Talking about the vodka must have jogged her memory that her glass was empty, and she left me in the room as she went to fill it up.

“That night I got roaring drunk, and I swore that one day I would get my own back by telling my story. The next day I felt awfully hungover, but had to act sober when an optician came with equipment to test my eyes. Three days later, I received two pairs of metal-framed glasses. Anna let me look at myself in a small mirror she had in her bag, and we both laughed when she said I looked like a college professor. Everything had snapped into focus, but I had to take them off unless I was reading, or they made me dizzy. Shall we call it a day now, Martin?”

After getting my stuff together, I walked down to the seafront to read through my notes in the fresh air.

34 thoughts on “A Real Spy Story: Part Twenty-Seven

    1. I based her story on a real case of a British spy (male) who was discovered in a Siberian labour camp in the late 1980s. He had been imprisoned since just before WW2, and forgotten by both the Russians and Britain. He was eventually brought home to England, but by then he was almost 80 years old. I read about it at the time, and fellow blogger Sue Judd remembers it too, but I cannot find the actual story online so far.
      Best wishes, Pete. x

      Liked by 1 person

    1. Thanks, John. And everyone I knew smoked! I still use a ‘clean’ vape device, even now.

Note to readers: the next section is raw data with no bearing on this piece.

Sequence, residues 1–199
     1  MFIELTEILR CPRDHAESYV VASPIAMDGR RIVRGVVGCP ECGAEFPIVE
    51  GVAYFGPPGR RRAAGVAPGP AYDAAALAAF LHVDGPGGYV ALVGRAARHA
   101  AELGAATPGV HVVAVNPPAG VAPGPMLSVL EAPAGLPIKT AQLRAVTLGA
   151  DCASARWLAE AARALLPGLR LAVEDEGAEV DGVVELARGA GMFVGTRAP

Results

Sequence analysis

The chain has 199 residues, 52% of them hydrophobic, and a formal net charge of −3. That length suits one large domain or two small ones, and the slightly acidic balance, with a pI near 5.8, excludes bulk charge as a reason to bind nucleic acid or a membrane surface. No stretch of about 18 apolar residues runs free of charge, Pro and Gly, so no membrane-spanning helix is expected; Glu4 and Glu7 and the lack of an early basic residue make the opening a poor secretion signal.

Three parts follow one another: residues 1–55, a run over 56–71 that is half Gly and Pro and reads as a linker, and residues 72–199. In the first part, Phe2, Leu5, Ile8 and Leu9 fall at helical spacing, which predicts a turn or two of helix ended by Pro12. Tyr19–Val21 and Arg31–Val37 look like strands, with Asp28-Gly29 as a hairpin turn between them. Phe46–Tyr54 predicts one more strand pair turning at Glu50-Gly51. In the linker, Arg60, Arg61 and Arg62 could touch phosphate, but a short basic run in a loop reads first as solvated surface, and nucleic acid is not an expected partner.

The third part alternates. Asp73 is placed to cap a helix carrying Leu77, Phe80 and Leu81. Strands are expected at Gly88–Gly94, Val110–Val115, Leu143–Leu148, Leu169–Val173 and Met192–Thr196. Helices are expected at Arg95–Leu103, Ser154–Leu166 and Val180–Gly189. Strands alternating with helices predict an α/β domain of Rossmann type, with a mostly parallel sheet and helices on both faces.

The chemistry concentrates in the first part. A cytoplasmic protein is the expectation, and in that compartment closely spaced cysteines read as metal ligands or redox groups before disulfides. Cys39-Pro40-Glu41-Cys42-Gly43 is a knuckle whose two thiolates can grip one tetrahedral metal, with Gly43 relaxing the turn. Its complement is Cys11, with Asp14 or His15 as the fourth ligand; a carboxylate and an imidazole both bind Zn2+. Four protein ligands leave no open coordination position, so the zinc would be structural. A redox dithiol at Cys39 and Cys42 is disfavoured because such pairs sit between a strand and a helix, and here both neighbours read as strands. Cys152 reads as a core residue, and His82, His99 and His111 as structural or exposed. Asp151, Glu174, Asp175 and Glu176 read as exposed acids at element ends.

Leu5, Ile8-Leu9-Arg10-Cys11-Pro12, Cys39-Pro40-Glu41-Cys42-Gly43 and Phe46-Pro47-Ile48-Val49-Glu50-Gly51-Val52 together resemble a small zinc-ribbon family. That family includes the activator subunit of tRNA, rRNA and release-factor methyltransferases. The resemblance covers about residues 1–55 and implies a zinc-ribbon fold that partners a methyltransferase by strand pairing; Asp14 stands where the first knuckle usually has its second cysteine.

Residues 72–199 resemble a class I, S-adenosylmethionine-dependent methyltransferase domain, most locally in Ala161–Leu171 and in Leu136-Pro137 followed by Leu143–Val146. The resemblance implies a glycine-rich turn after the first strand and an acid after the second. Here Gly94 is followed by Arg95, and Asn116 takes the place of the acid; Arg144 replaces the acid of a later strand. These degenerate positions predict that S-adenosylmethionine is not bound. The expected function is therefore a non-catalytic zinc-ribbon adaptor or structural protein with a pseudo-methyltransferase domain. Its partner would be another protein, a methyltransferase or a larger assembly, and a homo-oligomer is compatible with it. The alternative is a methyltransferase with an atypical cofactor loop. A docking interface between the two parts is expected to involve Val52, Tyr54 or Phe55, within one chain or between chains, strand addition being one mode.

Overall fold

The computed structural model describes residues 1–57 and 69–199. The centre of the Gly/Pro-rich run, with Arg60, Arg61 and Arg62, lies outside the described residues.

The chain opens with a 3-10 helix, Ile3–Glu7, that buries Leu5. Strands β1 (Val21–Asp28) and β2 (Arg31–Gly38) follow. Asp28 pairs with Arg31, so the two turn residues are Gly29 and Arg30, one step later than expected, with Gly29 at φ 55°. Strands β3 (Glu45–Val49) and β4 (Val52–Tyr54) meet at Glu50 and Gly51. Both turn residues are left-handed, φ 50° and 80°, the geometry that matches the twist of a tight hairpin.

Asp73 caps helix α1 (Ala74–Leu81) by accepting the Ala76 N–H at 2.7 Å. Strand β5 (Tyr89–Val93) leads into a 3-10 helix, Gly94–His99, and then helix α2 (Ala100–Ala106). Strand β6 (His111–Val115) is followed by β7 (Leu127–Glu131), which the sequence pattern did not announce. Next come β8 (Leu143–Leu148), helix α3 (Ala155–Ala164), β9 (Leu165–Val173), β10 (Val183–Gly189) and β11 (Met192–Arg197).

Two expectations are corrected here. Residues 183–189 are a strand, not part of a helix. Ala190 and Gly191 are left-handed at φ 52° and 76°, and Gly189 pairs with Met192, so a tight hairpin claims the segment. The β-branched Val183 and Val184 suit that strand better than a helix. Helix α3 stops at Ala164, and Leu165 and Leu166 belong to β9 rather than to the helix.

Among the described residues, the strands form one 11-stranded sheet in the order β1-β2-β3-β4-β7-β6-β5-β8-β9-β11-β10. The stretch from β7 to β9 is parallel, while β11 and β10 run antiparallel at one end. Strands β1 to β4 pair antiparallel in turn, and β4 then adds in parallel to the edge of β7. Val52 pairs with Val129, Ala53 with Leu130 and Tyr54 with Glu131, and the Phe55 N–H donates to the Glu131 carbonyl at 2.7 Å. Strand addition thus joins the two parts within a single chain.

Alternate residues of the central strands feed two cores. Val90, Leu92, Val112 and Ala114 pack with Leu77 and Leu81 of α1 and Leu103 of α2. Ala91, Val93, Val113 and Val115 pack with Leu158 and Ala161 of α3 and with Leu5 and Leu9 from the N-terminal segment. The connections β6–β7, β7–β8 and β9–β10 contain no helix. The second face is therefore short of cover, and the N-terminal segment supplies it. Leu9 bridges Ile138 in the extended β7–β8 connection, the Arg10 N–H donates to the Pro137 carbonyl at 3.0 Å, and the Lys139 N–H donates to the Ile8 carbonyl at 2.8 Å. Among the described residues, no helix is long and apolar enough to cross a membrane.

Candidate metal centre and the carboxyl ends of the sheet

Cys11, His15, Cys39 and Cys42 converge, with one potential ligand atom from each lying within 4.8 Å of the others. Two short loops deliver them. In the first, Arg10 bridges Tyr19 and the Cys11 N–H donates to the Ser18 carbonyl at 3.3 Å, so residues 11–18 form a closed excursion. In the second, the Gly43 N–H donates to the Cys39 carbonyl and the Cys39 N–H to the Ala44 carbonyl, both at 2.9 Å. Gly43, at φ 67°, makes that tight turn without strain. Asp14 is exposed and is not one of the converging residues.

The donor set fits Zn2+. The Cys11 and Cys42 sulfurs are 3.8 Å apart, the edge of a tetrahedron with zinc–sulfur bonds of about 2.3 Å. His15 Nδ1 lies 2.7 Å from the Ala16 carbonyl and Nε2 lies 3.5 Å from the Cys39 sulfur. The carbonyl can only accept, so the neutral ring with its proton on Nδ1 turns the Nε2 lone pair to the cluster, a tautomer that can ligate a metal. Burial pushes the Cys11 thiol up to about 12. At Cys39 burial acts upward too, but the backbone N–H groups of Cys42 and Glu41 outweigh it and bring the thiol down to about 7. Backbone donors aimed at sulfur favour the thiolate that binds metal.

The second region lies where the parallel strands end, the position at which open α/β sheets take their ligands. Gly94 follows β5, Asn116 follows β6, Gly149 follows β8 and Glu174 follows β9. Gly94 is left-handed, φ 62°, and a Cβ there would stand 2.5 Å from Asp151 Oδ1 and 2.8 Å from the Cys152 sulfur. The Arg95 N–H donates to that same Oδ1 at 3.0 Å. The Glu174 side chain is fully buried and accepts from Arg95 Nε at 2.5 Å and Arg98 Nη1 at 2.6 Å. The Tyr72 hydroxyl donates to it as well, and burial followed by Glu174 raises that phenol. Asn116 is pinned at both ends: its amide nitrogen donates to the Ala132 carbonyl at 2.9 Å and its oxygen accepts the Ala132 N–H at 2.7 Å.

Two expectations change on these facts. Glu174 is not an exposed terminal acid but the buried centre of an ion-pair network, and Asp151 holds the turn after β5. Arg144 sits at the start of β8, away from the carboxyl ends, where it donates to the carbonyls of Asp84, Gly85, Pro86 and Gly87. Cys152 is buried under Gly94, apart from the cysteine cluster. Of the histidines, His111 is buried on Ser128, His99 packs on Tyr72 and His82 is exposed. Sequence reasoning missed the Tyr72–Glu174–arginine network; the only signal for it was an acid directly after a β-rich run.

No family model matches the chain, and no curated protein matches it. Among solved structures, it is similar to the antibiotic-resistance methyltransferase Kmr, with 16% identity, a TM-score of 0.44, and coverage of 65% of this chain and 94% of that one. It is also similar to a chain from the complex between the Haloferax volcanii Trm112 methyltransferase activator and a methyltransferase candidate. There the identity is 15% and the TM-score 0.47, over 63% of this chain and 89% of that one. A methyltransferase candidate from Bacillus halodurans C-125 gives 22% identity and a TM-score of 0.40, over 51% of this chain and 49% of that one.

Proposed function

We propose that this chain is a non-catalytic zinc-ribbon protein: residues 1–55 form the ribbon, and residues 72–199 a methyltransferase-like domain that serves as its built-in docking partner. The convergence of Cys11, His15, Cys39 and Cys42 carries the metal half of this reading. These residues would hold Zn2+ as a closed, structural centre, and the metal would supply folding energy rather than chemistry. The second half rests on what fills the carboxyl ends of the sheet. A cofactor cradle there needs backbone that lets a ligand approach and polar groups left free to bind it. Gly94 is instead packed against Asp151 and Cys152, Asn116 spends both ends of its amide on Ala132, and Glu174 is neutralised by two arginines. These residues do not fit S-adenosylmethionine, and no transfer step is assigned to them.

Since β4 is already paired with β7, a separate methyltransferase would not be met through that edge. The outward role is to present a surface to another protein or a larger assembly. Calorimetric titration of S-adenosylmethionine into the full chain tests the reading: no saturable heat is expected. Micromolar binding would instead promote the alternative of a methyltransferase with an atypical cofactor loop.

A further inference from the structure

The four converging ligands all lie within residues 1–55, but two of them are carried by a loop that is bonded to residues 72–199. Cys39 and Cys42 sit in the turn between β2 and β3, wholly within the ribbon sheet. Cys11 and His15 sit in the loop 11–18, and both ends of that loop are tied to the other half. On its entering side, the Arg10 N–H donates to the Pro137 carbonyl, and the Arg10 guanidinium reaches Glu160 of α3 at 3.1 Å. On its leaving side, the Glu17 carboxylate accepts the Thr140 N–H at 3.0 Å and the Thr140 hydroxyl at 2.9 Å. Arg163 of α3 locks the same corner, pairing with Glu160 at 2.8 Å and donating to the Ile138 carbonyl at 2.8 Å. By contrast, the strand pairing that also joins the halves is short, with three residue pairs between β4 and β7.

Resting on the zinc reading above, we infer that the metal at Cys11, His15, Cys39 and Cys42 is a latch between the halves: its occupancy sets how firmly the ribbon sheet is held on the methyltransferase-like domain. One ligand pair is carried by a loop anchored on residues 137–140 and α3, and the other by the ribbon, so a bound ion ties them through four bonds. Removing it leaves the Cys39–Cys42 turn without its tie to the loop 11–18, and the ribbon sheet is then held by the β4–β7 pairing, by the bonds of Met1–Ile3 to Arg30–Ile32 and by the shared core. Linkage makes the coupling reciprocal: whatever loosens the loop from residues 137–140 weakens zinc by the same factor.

Smoking in England in the 1960s was ‘the mark of a man’. 🙂
      (And most women too)
      Best wishes, Pete.

      Liked by 1 person

  1. (1) Regarding a visit from the British Consulate: the British Consul’s late.
    (2) A Native American was among the prisoners at Penal Colony Four. He was rather belligerent towards authority, which resulted in a confrontation: War Chief vs. Chief Warden.
    (3) Bad citation: “In the office, a surprisingly young man sat behind a small desk covered in Cowboy and Indian figurines. He made me nervous when he pointed the toy cap gun in my direction.”
    (4a) Overheard:
    Warden: “Is there anything you need?”
    Helen: “I need glasses.”
    Warden: “Bad eyesight?”
    Helen: “No, I’m tired of drinking vodka out of the bottle.”
    (4b) Heavy drinkers confirm that metal-framed glasses are more durable than cheap plastic tumblers.
    (5) John Holdsworth is busy trying to revive his family’s bicycle manufacturing business.
    (6) “On the way back to my block, my legs felt like jelly. Not surprisingly, my cell door was ajar.”
    (7) Overheard:
    Helen Renton: “That night I got roaring drunk.”
    Bert Lahr: “You ain’t a-lyin’!”

    Liked by 1 person

  2. I do hope she gets the story published so she can have her revenge. It won’t help, though, if Martin keels over, thoroughly smoked! My parents and elder brother all smoked. We once lived for a few weeks in a small flat in Richmond. My father refused to have a window open. I’ll never forget the fug!

    Liked by 1 person

    1. I was brought up in a heavy smokng family. I started smoking at 17, and smoked until I was 60. Every single person I knew until I was in my 30s was a smoker. (Except my first serious girlfriend, but she didn’t mind me smoking)
      Best wishes, Pete.

      Liked by 1 person